Security

Security document (mortgage) form and content

What is the typical form of a security document over the aircraft and what must it contain?

The typical form of a security document over an aircraft is typically called a security agreement, mortgage or trust indenture. Although there is no specified form, these agreements must be signed (or authenticated) by the parties to the agreement, contain a description of the collateral and make clear that a security interest is intended. Typically, the agreements create an interest in the airframe or engine. The agreements do not need to state a maximum secured amount, nor do the economic terms of the deal need to be recorded.

Notably, a creditor only becomes a secured party when the security interest ‘attaches’. Pursuant to article 9 of the UCC, a security interest generally does not attach unless the grantor receives value for the security interest, the grantor has rights in the collateral (or the power to transfer the collateral to a secured party), and the grantor signs the security agreement.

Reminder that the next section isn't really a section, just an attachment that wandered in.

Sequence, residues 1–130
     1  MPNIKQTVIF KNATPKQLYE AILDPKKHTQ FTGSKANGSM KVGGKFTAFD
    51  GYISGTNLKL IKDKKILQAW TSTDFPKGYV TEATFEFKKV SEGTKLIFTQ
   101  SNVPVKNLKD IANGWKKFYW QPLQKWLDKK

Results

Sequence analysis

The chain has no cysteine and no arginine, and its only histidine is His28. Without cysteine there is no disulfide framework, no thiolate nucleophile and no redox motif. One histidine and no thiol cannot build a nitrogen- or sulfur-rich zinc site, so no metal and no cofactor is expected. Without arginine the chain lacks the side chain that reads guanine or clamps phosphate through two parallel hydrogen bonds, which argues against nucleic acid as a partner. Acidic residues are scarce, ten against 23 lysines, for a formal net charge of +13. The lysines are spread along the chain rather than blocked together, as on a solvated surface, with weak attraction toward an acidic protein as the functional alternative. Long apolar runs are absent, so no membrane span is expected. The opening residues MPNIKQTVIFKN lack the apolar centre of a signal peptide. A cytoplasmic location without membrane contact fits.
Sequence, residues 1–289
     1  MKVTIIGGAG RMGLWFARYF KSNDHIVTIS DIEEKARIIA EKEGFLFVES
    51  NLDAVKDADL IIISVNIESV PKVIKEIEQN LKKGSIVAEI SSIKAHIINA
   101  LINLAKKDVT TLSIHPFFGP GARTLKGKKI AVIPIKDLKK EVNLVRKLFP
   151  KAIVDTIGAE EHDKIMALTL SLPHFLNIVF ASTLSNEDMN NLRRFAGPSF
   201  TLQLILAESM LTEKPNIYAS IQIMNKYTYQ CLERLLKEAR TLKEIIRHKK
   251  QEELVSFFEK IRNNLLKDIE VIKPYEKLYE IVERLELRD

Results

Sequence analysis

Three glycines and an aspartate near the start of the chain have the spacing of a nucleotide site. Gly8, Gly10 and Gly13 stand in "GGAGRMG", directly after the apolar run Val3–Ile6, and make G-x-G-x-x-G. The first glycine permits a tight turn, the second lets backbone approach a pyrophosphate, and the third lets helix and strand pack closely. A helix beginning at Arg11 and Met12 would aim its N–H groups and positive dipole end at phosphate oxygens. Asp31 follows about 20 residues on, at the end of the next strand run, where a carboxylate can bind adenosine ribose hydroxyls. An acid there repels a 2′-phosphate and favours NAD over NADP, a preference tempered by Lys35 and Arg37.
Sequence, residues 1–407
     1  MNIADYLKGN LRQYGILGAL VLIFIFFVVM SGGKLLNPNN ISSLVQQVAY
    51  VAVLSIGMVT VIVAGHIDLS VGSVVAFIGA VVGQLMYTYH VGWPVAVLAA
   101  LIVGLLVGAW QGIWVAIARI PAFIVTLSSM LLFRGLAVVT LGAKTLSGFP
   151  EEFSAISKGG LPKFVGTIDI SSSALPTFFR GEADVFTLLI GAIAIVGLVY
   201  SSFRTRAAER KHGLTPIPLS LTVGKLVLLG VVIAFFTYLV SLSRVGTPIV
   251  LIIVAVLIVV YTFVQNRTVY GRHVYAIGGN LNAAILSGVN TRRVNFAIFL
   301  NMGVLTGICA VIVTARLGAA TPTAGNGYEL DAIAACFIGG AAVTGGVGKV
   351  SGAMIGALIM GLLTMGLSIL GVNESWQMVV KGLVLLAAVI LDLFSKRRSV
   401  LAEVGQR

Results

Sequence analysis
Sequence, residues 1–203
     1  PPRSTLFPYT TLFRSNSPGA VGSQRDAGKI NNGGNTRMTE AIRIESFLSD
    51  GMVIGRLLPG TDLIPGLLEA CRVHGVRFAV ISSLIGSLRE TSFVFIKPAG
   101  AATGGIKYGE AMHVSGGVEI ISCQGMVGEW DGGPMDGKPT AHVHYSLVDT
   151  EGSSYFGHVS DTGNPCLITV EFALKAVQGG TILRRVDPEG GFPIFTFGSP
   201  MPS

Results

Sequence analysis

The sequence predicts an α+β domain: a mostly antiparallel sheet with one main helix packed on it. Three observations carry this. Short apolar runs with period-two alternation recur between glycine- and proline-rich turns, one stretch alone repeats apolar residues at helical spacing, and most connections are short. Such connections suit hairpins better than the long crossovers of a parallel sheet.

Security documentary requirements and costs

What are the documentary formalities for creation of an enforceable security over an aircraft? What are the documentary costs?

The documentary formalities required for the creation of an enforceable security interest in an aircraft or engine will depend on the applicable state law. The most common formality is notarisation of the security agreement by a notary public registered in the appropriate state, which usually costs up to US$20. Under New York law, no documentary formalities are required other than the parties’ duly authorised signatures.

Security registration requirements

Must the security document be filed with the aviation authority or any other registry as a condition to its effective creation or perfection against the debtor and third parties? Summarise the process to register a mortgagee interest.

To protect a party’s security interest against third parties, the secured party must record the security agreement with the FAA and, if the aircraft is subject to the jurisdiction of the Cape Town Convention, register an international interest with the International Registry.